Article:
Ryan Mountcastle might get some votes for the American League Rookie of the Year award. He also might be a favorite for the award next year, too.
Mountcastle, who played in 35 of the Orioles’ 60 games this season (60 percent), remains eligible in next year’s voting because he fell four at-bats short of the 130 needed to end his rookie status.
A rookie position player must accumulate 130 at-bats or remain on the active roster for 45 days to lose rookie status. Those 45 days must exclude time in September when there’s an expanded roster. (This year that provision didn’t apply because players weren’t added in September.)
Mountcastle was called up on August 21st, so he falls seven days short of the 45 days. He had 140 plate appearances, but it’s the at-bats that count, not plate appearances.
In those 140 trips to the plate, Mountcastle drew 11 walks, had two sacrifice flies and was hit by a pitch once. He walked once every 12.7 times to the plate. In 2019, his final minor league season, Mountcastle walked 24 times in 553 plate appearances for Triple-A Norfolk. That’s once every 23 times or about half as often.
Because Mountcastle’s plate discipline improved, he’s rewarded with another opportunity at the Rookie of the Year in 2021.
If Mountcastle wins the award, he would be ineligible in 2021. Otherwise, he’ll have to endure the end-of-season rookie dress-up tradition, which I assume the Orioles bypassed this year. There’s a baseball tradition in which rookies are made to wear silly costumes at the beginning of the last road trip of each season, but if Mountcastle has another strong season next year, I don’t think he’ll mind participating.
Mountcastle was named to Baseball America’s All-Rookie team, and he’s the only one of the eight American Leaguers on the team who will be eligible next year.
Seattle outfielder Kyle Lewis was considered the favorite in 2020 because of a hot start, but he had a rough September. Lewis hit just .143 last month to finish with a .262 average, an on-base average of .364 and a .437 slugging average. His OPS average of .801 in 58 games is below Mountcastle’s .878.
Because he did play a full season with the Mariners, Lewis, who hit 11 homers and drove in 28 runs, will have the advantage over Mountcastle, who hit five homers and had 23 RBIs.
It’s been common for players who didn’t begin the season with their club to win Rookie of the Year. In 2019, Houston’s Yordan Álvarez didn’t debut until June 9 when he homered against the Orioles. He was unanimously elected Rookie of the Year, but that was for a 162-game season.
Fall frenzy: Because of the short season, Major League Baseball negotiated a 16-team postseason with the Players Association, and they’d like to keep one of 12 or 14 teams for next year and beyond.
Difficult talks are expected, but if more money comes the players’ way, they’ll probably agree.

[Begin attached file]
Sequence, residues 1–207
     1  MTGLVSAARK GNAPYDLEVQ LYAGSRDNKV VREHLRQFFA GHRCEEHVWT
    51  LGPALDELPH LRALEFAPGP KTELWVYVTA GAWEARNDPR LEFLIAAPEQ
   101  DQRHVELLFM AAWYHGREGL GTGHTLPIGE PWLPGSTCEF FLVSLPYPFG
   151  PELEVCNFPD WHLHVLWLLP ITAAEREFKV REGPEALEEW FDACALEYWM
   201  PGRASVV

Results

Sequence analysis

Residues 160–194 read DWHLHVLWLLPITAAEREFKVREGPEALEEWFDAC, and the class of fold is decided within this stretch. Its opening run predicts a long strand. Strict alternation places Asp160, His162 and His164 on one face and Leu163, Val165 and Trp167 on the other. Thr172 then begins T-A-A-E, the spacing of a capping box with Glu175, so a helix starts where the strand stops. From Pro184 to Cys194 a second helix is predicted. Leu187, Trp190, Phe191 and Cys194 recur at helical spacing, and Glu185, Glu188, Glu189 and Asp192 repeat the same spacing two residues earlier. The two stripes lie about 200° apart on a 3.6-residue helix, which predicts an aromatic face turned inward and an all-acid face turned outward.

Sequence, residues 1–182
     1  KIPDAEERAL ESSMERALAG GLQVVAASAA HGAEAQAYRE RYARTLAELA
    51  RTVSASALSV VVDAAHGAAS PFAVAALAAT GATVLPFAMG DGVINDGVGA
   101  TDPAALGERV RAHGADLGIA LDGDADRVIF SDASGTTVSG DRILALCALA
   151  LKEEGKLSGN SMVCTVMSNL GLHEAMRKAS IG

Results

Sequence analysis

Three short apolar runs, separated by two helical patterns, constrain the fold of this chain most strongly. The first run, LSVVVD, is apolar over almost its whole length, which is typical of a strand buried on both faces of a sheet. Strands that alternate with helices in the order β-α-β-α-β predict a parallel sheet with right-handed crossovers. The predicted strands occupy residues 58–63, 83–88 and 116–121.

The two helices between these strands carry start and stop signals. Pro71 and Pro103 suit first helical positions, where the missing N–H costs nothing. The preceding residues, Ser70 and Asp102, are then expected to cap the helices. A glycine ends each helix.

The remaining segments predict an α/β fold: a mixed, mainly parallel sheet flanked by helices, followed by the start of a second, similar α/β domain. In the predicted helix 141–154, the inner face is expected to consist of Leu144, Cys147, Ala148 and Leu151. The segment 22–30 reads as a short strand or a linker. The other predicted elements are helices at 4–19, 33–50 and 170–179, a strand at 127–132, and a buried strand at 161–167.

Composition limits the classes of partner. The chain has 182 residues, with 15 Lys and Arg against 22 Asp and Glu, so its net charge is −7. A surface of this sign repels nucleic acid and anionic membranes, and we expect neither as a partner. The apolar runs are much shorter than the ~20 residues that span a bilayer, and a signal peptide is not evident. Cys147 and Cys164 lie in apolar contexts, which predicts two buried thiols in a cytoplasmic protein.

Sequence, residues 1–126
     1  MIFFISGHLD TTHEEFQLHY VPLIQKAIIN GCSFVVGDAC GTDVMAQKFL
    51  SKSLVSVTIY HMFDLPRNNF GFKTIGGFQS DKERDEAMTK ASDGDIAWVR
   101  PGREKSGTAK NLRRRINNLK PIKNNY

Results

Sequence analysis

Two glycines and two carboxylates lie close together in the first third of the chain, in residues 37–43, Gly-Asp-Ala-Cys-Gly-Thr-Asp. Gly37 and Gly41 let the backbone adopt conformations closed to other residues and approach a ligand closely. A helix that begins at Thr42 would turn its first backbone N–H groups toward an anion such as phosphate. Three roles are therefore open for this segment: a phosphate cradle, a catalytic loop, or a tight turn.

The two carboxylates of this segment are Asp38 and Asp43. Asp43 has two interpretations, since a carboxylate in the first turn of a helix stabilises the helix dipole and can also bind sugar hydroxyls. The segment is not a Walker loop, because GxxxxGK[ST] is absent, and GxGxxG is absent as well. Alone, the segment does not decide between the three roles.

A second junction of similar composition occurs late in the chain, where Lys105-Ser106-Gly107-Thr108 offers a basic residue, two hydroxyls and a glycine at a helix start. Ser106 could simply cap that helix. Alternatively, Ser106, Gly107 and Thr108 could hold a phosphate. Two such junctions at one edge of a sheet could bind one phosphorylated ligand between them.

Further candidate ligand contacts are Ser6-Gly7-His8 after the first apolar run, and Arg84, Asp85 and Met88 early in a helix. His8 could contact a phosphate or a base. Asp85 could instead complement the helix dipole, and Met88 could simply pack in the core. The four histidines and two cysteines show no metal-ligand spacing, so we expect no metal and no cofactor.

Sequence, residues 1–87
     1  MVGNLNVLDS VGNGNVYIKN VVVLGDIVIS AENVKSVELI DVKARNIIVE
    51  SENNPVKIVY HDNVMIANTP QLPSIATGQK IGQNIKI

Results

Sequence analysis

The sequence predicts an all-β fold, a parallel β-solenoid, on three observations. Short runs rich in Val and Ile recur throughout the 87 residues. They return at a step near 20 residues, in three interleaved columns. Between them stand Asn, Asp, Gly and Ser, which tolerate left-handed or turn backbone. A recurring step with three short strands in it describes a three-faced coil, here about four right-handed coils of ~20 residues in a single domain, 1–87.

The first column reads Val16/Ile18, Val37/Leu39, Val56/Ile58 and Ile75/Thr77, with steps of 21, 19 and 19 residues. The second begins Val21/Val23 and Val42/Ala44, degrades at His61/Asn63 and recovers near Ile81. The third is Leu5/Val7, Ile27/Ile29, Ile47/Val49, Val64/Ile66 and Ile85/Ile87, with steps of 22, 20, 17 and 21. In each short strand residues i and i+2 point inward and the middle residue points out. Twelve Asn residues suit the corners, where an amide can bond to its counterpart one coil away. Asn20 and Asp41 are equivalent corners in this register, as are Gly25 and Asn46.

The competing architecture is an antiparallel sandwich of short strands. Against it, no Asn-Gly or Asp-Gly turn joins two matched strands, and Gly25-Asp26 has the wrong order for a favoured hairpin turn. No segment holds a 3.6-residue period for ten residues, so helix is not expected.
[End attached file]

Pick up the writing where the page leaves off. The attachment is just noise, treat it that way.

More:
I watched a chunk of each game in the wild-card round, including the eight games on Wednesday. While I was there for the noon start for Cincinnati-Atlanta, I wasn’t there past midnight for the end of the Yankees-Indians and Brewers-Dodgers game.
I thought it was a lot of fun and, since I can watch baseball during the day, afternoon playoff games are appealing.
But the final game of the White Sox-Athletics series was brutal. None of the 17 pitchers used for both teams pitched more than two innings.
I did enjoy hearing Oakland centerfielder Ramón Laureano’s comments, although some were offended by the language. I couldn’t imagine media-friendly Buck Showalter allowing any of his players to be mic’d up, and I recall he wasn’t exactly a fan of being interviewed during the games.
Since the Orioles played only five of the 16 teams involved in the initial rounds, I had to do lots of studying on the seven Central teams that have been eliminated.
The Orioles last played the White Sox on May 1, 2019 and won’t see them until May 27, 2021. They will have played six games against Miami during that time.
Hall of Famers lost: Besides 2020 being a sad year for everyone, it’s been an awful year for Baseball Hall of Famers.
In the last six months, Lou Brock, Bob Gibson, Al Kaline and Tom Seaver have died.
Gibson’s death was announced shortly after his St. Louis Cardinals were eliminated by the San Diego Padres on Friday.
Brock, Kaline and Seaver would have fit into contemporary baseball, but many pointed out that Gibson’s aggressive style of pitching inside would not be tolerated these days.
Despite his reputation, Gibson never led the National League in hit batsman and hit only 102 of the more than 16,000 he faced in his 17-year career.
He would have been a superior pitcher in any era, and his aggressiveness would be welcome today.
Gibson pitched a complete game in Game 7 of the 1964 World Series against the Yankees. He gave up two home runs in the ninth inning as the Yankees narrowed the Cardinals’ lead to 7-5.
After the game, reporters asked St. Louis manager Johnny Keane why he left a tiring Gibson in the game.
“I had a commitment to his heart,” Keane said.